GeriActors Performance in St. Albert

The GeriActors are honoured to do a performance for Shakespeare’s 400 year anniversary in St. Albert library.

Join us Thursday, April 28 at 6pm. Shakespeares400.jpg

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Creating Theatre without Tech

We usually perform in non-conventional theatre spaces: seniors homes, libraries, even outside in a park. Which means our performances have little to no technical requirements so that we can perform pretty much anywhere, we can open up our Tupperware of costumes and props and be ready to perform. In fact, we prefer this.

Here’s why. When we lose reliance on lights and sound to assist in transitions, evoking a moment or location or even to signal the end of the play, the actors work a lot harder to create the world of the play for the audience. The convention of the fourth wall no longer exists because the actors need to walk the audience through the story. This creates a more open performance which allows the actors to have a conversation with the audience through their performance.

So how do a group of intergenerational actors evoke a train collision in Leicester, England in 1950? Well first, the text needs to be incredible precise. The words evoke the world, the stakes of the situation and includes essential details of the situation and minute details to personalize it. Second, because we’ve created the convention of “minimalist theatre”, the audience is now primed to use their imagination. Suddenly a group of four actors linked hand in hand making “choo-choo” sounds becomes a light engine. In fact, the audience rarely ever questions it. Lastly, when a storyteller creates a sound from memory, there is a quality of authenticity that can’t quite be captured by a sound clip. “I remember the train made this deafening SCREEEEEEEEEECH sound from the brakes before the huge BANG when the train crashed.” The actor verbalizing the sound isn’t quite as accurate to the actual sound, but it is more evocative, causing the audience to personalize the sounds in their minds.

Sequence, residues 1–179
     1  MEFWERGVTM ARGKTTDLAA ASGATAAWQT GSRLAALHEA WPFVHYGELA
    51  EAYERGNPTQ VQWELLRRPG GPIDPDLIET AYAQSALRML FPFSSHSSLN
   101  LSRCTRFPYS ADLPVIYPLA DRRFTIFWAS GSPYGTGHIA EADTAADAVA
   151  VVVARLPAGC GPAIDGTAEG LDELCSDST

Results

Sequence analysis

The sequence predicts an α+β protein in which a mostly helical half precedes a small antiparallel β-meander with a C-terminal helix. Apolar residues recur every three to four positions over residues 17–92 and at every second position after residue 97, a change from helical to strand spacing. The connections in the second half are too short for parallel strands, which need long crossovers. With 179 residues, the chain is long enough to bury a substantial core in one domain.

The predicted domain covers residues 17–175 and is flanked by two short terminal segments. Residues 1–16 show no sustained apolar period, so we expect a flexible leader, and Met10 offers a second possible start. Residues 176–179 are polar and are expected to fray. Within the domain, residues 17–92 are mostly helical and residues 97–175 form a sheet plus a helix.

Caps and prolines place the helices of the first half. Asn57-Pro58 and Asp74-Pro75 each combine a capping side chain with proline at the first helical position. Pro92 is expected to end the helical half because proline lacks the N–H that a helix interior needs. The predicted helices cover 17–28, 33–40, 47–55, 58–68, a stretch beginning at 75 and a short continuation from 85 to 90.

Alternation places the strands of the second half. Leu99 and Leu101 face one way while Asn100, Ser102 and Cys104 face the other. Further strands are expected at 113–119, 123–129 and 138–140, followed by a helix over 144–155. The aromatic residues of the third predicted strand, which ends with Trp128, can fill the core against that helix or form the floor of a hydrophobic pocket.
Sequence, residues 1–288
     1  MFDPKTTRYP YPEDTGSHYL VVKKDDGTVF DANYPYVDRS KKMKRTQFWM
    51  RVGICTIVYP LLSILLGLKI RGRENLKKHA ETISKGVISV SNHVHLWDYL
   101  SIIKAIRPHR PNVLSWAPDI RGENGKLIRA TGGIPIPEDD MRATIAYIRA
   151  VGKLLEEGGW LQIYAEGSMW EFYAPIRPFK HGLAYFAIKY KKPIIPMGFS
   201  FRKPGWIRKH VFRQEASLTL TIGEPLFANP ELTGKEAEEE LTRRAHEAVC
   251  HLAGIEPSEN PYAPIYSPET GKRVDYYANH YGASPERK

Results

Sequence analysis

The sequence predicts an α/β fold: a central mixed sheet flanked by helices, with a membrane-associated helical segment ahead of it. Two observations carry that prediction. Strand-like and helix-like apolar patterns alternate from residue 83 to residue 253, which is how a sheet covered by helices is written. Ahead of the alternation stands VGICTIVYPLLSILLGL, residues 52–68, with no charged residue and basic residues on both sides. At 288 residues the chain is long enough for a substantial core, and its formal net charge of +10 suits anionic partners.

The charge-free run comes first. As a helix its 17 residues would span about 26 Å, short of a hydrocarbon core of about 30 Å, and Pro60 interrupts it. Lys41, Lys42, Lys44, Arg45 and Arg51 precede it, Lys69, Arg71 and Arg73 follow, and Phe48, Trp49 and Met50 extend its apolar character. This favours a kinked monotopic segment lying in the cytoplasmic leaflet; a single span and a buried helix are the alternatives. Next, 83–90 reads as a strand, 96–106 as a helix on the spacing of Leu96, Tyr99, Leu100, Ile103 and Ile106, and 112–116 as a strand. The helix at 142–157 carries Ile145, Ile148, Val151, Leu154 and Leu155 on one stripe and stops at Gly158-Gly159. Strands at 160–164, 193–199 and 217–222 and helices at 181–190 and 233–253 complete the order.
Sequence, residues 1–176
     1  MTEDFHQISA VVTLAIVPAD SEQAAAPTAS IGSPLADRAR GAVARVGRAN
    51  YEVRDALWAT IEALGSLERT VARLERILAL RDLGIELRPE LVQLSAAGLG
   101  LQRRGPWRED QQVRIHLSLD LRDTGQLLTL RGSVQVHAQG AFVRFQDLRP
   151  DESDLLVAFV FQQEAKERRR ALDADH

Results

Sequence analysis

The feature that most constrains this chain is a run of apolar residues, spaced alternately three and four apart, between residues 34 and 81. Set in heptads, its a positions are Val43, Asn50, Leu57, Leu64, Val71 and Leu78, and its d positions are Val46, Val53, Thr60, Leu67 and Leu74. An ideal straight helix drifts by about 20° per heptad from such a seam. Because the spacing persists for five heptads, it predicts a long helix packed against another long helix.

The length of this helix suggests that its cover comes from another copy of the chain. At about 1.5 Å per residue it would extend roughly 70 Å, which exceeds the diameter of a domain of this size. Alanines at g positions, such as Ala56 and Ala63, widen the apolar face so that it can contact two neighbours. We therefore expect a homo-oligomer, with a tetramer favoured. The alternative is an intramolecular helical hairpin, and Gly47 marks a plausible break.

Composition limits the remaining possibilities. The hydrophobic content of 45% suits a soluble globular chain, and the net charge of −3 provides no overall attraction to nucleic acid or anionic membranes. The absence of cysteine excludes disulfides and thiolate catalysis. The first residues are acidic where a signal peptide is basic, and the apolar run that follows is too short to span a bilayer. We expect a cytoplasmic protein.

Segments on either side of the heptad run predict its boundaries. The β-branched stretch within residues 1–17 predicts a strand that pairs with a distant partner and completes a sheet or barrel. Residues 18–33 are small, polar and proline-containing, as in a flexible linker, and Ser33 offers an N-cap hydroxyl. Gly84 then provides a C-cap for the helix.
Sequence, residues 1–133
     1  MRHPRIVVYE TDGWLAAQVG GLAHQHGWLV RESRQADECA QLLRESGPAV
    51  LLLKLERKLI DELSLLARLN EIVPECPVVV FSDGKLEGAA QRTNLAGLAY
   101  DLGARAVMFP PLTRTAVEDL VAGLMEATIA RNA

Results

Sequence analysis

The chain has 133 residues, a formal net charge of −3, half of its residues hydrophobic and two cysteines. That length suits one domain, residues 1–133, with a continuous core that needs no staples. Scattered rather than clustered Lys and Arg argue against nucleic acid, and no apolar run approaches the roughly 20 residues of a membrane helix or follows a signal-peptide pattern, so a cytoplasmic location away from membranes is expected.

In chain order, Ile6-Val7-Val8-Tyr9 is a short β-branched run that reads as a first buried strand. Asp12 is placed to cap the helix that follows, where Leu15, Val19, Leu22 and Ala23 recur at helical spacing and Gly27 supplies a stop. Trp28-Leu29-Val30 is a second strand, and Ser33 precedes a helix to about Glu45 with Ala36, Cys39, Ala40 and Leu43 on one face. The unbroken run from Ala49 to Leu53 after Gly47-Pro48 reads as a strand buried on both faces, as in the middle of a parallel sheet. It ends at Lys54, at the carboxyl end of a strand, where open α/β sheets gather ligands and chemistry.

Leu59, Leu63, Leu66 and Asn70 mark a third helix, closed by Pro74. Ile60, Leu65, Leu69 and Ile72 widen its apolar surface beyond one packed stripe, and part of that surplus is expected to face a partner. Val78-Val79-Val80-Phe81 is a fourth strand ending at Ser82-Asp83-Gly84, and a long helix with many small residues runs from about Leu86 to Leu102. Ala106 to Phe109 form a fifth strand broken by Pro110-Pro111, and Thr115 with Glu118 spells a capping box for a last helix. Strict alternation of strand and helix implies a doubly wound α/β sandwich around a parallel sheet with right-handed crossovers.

In the end, though we may not have the dramatic qualities of a blackout or the immersive qualities of a recorded soundscape. We have found that our bodies and voices have a way of presenting the story in a more open and uniquely authentic way. With the added advantage that it saves us a pretty penny as well…

Here are a couple sounds we are exploring for our “Trains We Remember” play this year.

  1. This is the sound of a fire engine during the Blitzhttp://www.bbc.co.uk/learning/schoolradio/subjects/history/ww2clips/sounds/blitz
  2. This is the sound of a steam train leaving: https://www.youtube.com/watch?v=Ncg-U-Zxwz0

Next week, the GeriActors will be performing in Delburne, Alberta. Stay tuned to see what we were up to there!

From Story to Play

Many of our plays are inspired by real stories from our seniors, but how do we further develop them into script and performances? It starts with an image.

From hearing the story, the facilitators or directors begin to envision an image in their minds. The director will then take any available bodies in the room to begin sculpting the image they see. Layers of details such as sounds, mood and environment are then added to create a physical picture of the once verbal story.

As it develops, the story in some ways becomes less personal and more universal. Members of the cast begin to find ways to make the story their own: developing characters, depicting their understandings of the experience while honouring the essence of the original story. There is usually a narrator that takes everyone on the journey, but sometimes we discover that its more effective to have multiple narrators.